in W. Aiton and W. T. Aiton, Hortus Kew. 4: 110. 1812
North America, n Mexico, Central America, Europe, Asia, n Africa, introduced also in South America, tropical and s Africa, Australia, nearly worldwide.
Species 5 (4 in the flora).
There has been considerable disagreement as to whether Nasturtium should be maintained as a distinct genus or be united with Rorippa. Molecular data and a critical evaluation of morphology (I. A. Al-Shehbaz and R. A. Price 1998) clearly show that Nasturtium is much more closely related to Cardamine than it is to Rorippa, and that the two genera should not be united.
Plants of Nasturtium floridanum, N. microphyllum, and N. officinale typically produce compound leaves when submerged in shallow waters or when their branches are emergent. When submerged in deep waters, all three produce simple leaves, and, in that case, it is impossible to distinguish them. The hybrid between N. officinale and N. microphyllum, N. ×sterilis Airy Shaw, is uncommon in North America, having been reported from Connecticut, Idaho, Michigan, and New Hampshire (P. S. Green 1962), and is far more common in Europe, where it has recently been studied thoroughly (W. Bleeker et al. 1999 and references therein). Nasturtium africanum Braun-Blanquet is known from Morocco in northwestern Africa.
|1||Seeds biseriate, coarsely reticulate, with 25-50(-60) areolae on each side; fruits (1.8-) 2-2.5(-3) mm wide.||Nasturtium officinale|
|1||Seeds uniseriate, minutely to moderately reticulate, with (75-)100-500 areolae on each side; fruits 0.8-1.2(-1.8) mm wide||> 2|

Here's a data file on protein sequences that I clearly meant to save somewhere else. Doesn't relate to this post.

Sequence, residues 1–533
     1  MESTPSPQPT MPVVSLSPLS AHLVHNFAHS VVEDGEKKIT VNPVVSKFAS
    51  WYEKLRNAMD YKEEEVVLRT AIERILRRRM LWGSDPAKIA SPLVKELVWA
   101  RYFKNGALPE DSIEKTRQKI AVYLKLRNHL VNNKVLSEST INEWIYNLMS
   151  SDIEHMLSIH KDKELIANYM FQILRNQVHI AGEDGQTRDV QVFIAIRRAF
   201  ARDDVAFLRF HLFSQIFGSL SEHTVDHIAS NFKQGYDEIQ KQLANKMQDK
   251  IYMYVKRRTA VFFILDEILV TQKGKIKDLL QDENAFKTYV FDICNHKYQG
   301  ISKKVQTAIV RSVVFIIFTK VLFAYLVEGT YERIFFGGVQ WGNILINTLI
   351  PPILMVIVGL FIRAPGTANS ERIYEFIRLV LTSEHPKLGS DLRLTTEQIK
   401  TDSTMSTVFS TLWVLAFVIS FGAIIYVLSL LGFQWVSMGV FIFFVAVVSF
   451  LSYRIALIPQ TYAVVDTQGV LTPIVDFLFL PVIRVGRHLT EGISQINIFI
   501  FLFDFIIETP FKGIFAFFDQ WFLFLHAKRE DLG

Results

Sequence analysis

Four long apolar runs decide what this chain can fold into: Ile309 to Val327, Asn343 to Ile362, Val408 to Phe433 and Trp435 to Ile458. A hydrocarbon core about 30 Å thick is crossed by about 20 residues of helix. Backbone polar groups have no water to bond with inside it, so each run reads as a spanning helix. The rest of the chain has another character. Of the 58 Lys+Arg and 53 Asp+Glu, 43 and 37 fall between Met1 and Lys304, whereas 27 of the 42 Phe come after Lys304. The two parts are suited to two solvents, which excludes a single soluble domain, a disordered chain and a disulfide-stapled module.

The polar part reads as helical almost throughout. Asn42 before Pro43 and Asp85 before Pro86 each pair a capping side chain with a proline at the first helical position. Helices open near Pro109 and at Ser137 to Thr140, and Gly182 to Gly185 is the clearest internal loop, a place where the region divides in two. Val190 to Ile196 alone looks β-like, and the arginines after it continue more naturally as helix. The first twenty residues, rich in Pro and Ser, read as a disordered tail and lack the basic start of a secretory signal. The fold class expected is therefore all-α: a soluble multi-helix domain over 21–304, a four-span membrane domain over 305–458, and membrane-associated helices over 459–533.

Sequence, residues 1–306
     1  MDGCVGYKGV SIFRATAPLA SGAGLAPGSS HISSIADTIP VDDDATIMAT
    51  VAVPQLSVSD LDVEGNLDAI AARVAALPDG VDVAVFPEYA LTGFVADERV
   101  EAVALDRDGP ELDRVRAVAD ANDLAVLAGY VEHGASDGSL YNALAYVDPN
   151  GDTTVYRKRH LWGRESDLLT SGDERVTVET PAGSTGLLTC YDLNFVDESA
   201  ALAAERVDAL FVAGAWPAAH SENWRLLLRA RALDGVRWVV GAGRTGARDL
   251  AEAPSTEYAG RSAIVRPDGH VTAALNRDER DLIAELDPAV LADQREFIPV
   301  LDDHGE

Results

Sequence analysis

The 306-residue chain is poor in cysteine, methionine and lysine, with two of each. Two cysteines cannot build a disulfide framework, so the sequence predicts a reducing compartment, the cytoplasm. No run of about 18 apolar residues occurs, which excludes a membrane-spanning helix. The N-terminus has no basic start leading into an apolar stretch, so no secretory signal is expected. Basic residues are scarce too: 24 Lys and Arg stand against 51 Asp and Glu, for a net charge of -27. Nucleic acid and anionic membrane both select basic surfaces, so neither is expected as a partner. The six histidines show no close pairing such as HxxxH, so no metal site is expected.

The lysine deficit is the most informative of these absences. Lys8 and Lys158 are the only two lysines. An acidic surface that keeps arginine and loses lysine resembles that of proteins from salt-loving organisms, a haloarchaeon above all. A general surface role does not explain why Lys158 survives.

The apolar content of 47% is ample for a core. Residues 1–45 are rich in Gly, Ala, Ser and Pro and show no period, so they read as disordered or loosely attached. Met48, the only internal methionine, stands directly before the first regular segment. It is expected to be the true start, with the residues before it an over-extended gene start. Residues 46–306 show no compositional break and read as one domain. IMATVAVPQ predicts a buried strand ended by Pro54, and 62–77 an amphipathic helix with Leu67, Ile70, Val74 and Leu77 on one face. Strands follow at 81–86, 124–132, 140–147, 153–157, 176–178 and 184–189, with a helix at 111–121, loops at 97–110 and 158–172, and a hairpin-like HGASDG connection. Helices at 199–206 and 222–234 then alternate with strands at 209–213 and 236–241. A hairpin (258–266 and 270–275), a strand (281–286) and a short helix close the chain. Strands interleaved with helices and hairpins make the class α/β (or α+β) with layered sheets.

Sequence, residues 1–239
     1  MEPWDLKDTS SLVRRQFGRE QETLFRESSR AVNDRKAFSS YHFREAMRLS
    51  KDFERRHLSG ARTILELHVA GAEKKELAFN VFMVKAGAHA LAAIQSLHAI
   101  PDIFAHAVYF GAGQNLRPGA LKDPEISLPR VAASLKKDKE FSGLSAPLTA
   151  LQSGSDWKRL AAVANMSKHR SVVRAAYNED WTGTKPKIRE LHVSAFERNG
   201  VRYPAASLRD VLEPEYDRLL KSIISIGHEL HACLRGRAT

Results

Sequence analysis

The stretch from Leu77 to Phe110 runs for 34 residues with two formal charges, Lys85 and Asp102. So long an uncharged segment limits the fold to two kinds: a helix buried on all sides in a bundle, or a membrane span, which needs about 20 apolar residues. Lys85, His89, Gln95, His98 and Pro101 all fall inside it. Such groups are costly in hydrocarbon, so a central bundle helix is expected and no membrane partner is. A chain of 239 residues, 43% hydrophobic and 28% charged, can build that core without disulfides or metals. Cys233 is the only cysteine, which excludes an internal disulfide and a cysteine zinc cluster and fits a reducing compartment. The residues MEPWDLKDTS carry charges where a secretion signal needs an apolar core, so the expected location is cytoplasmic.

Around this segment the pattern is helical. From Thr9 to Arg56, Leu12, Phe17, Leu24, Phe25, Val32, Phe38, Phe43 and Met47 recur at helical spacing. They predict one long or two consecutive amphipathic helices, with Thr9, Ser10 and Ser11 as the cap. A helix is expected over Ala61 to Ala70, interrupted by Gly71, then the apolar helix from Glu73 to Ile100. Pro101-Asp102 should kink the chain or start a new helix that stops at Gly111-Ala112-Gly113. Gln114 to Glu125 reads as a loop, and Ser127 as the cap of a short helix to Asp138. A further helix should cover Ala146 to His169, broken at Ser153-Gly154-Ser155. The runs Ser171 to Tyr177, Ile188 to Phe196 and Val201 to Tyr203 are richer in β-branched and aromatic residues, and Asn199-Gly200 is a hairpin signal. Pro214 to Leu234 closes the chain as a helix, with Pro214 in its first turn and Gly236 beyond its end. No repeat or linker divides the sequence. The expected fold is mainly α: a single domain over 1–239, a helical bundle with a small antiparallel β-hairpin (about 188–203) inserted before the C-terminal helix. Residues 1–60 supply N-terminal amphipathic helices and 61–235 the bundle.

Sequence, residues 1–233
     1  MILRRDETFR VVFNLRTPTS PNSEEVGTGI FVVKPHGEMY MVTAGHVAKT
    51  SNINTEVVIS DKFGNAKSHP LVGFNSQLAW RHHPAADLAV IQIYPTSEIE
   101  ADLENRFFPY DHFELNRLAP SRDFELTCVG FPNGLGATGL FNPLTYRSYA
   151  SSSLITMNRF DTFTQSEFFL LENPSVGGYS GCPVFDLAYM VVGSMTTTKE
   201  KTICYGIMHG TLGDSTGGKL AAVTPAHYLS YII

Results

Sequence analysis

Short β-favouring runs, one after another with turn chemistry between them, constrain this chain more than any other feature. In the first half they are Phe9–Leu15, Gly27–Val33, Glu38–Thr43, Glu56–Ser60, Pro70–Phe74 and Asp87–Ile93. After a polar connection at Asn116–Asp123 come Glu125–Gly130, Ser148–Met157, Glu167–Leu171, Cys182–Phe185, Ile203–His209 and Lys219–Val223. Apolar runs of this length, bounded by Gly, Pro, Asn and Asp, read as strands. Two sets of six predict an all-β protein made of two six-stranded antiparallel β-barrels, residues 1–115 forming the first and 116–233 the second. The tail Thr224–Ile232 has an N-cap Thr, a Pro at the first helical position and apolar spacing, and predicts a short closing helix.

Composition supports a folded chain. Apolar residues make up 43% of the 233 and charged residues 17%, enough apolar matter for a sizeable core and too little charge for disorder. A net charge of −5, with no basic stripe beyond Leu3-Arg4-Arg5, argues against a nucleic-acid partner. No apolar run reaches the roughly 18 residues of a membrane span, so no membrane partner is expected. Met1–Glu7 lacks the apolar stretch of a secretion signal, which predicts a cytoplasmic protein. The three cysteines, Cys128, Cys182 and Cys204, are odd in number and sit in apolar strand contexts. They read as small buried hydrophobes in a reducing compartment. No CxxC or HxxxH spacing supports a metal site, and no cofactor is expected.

|2||Emergent leaves: petiolar bases non-auriculate; blades 3(-5)-foliolate; seeds light or yellowish brown; Florida.||Nasturtium floridanum|
|2||Emergent leaves: petiolar bases often minutely auriculate; blades (3-)5-17-foliolate; seeds reddish brown; not Florida||> 3|
|3||Leaflet margins entire or repand; seeds with (75-)100-150(-175) areolae on each side; filaments 2.5-3.5 mm; petals 4.5-6 mm; petioles and rachises not winged.||Nasturtium microphyllum|
|3||Leaflet margins coarsely dentate or, rarely, sinuate-repand; seeds with 300-450 areolae on each side; filaments 5-7 mm; petals 6-8 mm; petioles and rachises narrowly winged.||Nasturtium gambelii|
|Author||Ihsan A. Al-Shehbaz +|
|Authority||W. T. Aiton in W. Aiton and W. T. Aiton +|
|Common name||Watercress +|
|Distribution||North America +, n Mexico +, Central America +, Europe +, Asia +, n Africa +, introduced also in South America +, tropical and s Africa +, Australia + and nearly worldwide. +|
|Etymology||Latin nasus, nose, and tortus, distortion, alluding to pungency of plants +|
|Illustrator||Yevonn Wilson-Ramsey +|
|Publication title||in W. Aiton and W. T. Aiton, Hortus Kew. +|
|Publication year||1812 +|
|Reference||green1962a +, rollins1978a +, shehbaz1988a + and shehbaz1998a +|
|Source xml||https://firstname.lastname@example.org/aafc-mbb/fna-data-curation.git/src/f6b125a955440c0872999024f038d74684f65921/coarse grained fna xml/V7/V7 760.xml +|
|Taxon family||Brassicaceae +|
|Taxon name||Nasturtium +|
|Taxon parent||Brassicaceae tribe Cardamineae +|
|Taxon rank||genus +|
|Volume||Volume 7 +|